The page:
Historically, whyinhell did it take two days to get the orders to the southern forces? I understand that I'm used to this day and age, when you pick up the phone, but still, a courier should have been able to reach them in 12 hours at most, shouldn't they have?

Belushi TD
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Pdf27
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Re: 17th May 1940

Post by Pdf27 »

I’ll go into it on more depth tomorrow if I get the time, but it’s pretty fundamental to why the French lost. Getting the orders there in two days is astonishingly fast (borderline unrealistic) for them. There are very severe and deep-rooted socio-political causes for this.
War is less costly than servitude. The choice is always between Verdun and Dachau. - Jean Dutourd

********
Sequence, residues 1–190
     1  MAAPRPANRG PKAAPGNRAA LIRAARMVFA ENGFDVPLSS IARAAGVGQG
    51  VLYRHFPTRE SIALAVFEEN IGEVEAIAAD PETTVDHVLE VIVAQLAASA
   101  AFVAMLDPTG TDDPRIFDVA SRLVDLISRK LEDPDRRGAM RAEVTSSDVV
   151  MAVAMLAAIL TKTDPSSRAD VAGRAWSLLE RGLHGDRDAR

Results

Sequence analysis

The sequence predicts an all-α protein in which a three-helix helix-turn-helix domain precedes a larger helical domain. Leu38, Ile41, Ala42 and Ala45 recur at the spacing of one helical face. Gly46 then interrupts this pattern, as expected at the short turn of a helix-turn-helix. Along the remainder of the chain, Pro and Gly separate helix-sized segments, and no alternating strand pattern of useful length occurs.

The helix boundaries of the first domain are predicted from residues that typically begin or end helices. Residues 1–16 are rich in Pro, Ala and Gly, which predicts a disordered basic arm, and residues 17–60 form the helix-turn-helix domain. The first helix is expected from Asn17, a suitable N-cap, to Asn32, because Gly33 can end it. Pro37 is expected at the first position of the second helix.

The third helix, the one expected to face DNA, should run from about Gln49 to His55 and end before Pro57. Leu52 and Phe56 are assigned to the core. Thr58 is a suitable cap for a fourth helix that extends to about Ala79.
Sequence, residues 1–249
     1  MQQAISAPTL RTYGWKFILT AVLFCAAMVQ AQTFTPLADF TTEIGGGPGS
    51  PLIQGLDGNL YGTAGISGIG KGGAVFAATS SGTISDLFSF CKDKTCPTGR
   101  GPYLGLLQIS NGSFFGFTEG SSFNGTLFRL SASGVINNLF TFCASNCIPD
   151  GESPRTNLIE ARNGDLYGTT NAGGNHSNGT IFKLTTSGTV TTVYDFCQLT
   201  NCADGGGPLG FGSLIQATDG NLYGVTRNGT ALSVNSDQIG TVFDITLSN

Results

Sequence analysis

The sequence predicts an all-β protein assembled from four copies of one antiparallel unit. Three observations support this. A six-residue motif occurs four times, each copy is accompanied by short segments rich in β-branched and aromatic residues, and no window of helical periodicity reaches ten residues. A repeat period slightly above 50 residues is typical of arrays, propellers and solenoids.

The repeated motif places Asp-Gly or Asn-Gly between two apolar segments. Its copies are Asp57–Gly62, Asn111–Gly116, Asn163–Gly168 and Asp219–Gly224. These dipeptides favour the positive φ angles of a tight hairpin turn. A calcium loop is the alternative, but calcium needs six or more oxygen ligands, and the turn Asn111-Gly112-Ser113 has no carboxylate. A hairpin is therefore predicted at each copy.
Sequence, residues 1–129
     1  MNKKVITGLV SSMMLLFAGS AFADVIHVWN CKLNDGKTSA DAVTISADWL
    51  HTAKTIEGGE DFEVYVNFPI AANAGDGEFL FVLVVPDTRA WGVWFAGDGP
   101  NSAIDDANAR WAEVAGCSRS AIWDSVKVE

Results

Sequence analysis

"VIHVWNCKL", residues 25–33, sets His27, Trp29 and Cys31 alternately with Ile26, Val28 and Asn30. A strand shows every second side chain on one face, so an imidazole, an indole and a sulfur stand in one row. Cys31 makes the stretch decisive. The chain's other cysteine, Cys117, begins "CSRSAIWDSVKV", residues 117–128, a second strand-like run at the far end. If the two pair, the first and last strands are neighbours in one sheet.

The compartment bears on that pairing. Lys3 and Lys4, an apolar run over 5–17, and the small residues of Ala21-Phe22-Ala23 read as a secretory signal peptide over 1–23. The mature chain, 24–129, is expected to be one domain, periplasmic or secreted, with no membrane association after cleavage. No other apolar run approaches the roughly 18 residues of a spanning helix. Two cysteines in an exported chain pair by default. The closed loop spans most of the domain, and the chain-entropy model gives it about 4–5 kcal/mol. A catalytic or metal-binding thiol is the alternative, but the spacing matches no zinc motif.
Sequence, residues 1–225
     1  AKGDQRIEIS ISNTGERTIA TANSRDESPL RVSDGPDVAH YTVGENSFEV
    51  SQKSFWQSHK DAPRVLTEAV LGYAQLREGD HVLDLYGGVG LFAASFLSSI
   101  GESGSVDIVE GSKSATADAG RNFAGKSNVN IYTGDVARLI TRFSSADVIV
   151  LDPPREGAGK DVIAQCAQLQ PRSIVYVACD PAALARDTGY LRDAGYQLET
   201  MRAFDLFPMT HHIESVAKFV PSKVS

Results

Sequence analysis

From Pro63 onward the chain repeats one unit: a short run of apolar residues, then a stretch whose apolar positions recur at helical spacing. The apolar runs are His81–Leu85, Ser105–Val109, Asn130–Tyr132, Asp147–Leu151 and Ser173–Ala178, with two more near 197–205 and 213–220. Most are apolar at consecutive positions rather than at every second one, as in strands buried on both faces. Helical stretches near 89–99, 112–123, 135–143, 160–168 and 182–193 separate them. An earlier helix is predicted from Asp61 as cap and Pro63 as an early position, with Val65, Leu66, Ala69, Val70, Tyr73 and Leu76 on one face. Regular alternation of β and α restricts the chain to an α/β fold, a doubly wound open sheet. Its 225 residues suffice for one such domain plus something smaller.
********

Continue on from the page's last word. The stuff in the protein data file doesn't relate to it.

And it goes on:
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Pdf27
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Re: 17th May 1940

Post by Pdf27 »

OK, can't be bothered to do a long answer or go into the books, but here's the potted version:
  1. The Left in France were absolutely convinced that given half a chance the Army would murder the lot of them. In 1936 there was a procession of 600,000 people to the Communard's Wall in Paris, led by among others Léon Blum (who was just about to become Prime Minister) - remembering the repression of the Paris Commune in 1871 and the massacres of leftists by the Army afterwards. Given the way Petain governed when in power, it's hard to say that they were very wrong.